QUESTION: Years ago, while visiting Salamanca, Spain, I was told that Napoleon’s brother abandoned his rule over Spain and made off with a large cache of gold. I know that he fled Spain to New Jersey. Is there any truth to this gold story? If so, what economic impact did he and the gold have in New Jersey?
ANSWER: Yes, I grew up in New Jersey with the story of Napoleon’s brother living there in exile. He fled the British to America I suppose like Snowden going to Russia. It was on March 30, 1814, when the allied troops reached Paris. Joseph Bonaparte and his family fled at first to Switzerland. He bought an estate at Prangins, between Geneva and Lausanne. However, when Napoleon escaped from Elba in 1815, Joseph returned to Paris to join him. Then after Napoleon’s second abdication, Joseph gallantly offered to change places with his brother so the latter could board the American brig the Commerce, of Charleston, to America. Joseph had chartered that ship for his own escape. Consequently, Joseph left for the United States only when he heard that Napoleon had surrendered to Britain’s Captain Maitland of HMS Bellerophon.
The rumor that Joseph sailed with tons of gold from Spain was another conspiracy theory. However, the Commerce was twice boarded and inspected by the British. Joseph was prepared with fake papers. They worked and he managed escaping detection. He arrived in New York on August 28, 1815 . His Spanish ordinance officer Unzaga, his interpreter James Carret, his cook Francois Parrot, and his secretary Louis Mailliard all accompanied him. The rumor was that Congressman Henry Clay assisted Joseph and provided him with a hotel to stay in. Joseph left his wife Julie and his daughters in Paris. They later moved to Frankfurt and then to Brussels.
Joseph left New York City with the intention of meeting President Madison. Madison sent someone to intercept him and told that a meeting could not take place with the President. Joseph assumed the title of the Count of Survilliers, after a small property he owned near Mortefontaine. He was able to transfer a large part of his fortune to the United States, where he invested it. He rented a house in Philadelphia and bought an estate called Point Breeze in Bordentown, New Jersey. He also bought a large tract of land in upstate New York, to which he made extensive improvements. The latter contained a 1,200 acre lake which Joseph named Lake Diana, after the goddess of the hunt. It is now known as Lake Bonaparte.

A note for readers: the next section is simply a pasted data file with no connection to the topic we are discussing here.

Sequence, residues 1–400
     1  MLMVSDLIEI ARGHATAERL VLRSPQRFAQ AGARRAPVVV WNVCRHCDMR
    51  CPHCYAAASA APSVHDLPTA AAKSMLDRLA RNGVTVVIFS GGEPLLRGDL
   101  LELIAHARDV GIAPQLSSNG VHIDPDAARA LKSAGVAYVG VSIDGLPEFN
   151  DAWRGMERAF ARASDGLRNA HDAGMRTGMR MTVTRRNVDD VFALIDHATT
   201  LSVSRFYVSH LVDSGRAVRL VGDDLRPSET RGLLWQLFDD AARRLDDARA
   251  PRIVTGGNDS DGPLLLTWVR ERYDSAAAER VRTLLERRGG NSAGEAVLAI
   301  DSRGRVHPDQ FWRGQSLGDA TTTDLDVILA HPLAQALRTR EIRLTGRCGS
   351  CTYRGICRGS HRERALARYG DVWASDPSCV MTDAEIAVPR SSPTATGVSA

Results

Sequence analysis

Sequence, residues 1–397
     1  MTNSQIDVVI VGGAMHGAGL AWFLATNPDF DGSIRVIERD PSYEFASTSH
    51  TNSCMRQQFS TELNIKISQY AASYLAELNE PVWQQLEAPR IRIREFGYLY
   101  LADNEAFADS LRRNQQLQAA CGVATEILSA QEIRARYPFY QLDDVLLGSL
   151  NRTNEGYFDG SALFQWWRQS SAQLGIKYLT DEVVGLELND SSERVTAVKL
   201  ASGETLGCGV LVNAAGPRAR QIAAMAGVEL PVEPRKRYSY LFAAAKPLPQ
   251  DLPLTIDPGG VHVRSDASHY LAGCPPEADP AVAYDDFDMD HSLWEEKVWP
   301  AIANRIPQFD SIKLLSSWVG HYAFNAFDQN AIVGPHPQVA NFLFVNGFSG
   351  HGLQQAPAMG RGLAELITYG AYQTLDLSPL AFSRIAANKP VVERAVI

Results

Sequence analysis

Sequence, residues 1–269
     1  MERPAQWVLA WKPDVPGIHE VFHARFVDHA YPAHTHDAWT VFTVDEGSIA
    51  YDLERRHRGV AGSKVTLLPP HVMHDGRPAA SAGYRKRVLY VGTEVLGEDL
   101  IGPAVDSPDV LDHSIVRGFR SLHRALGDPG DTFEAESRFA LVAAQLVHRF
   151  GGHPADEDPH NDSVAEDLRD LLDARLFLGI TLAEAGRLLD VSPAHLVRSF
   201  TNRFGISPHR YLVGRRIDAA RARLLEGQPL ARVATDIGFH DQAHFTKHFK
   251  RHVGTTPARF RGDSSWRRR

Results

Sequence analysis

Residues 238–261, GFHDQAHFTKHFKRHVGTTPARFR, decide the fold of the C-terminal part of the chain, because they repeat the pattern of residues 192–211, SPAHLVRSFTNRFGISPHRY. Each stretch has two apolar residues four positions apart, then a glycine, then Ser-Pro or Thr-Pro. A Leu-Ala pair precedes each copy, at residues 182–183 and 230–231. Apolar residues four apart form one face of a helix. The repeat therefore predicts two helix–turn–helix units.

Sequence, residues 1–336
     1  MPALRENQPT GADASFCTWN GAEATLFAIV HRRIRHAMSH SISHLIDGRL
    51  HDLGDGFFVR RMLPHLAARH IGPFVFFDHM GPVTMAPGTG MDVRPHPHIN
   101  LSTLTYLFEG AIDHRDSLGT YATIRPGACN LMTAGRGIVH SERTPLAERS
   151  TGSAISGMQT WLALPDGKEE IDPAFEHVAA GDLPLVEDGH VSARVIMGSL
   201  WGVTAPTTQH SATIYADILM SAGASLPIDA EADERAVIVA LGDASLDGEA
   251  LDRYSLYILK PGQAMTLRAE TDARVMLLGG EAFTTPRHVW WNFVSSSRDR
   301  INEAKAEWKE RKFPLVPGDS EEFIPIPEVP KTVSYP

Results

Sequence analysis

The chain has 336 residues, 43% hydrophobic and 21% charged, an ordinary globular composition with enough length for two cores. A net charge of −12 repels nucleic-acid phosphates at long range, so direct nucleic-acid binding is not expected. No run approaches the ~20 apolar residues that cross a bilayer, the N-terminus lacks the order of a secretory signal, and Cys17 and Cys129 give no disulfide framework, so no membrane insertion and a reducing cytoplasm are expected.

Joseph’s home became gathering places for other Napoleonic exiles, including Charles and Henri Lallemand and Charles Lefebvre-Desnouettes. He contributed generously to the French exiles’ Society for the Cultivation of the Vine and the Olive. Nevertheless, Joseph also developed friendships with many prominent Americans, including Nicholas Biddle of the First Bank of the United States, as well as Charles Ingersoll, Stephen Girard, Charles Stewart, and Joseph Hopkinson. He was elected a member of the American Philosophical Society, where he met more of America’s great names.
Joseph Bonaparte’s home in Bordentown burned down though in 1820. When they excavated the site they recovered some 14,000 artifacts. He left with some gold, but there is no real record of how much he took with him into exile. As for his wealth, it was transferred by banks from Switzerland to America at the Bank of the United States as a valued customer of Nicholas Biddle.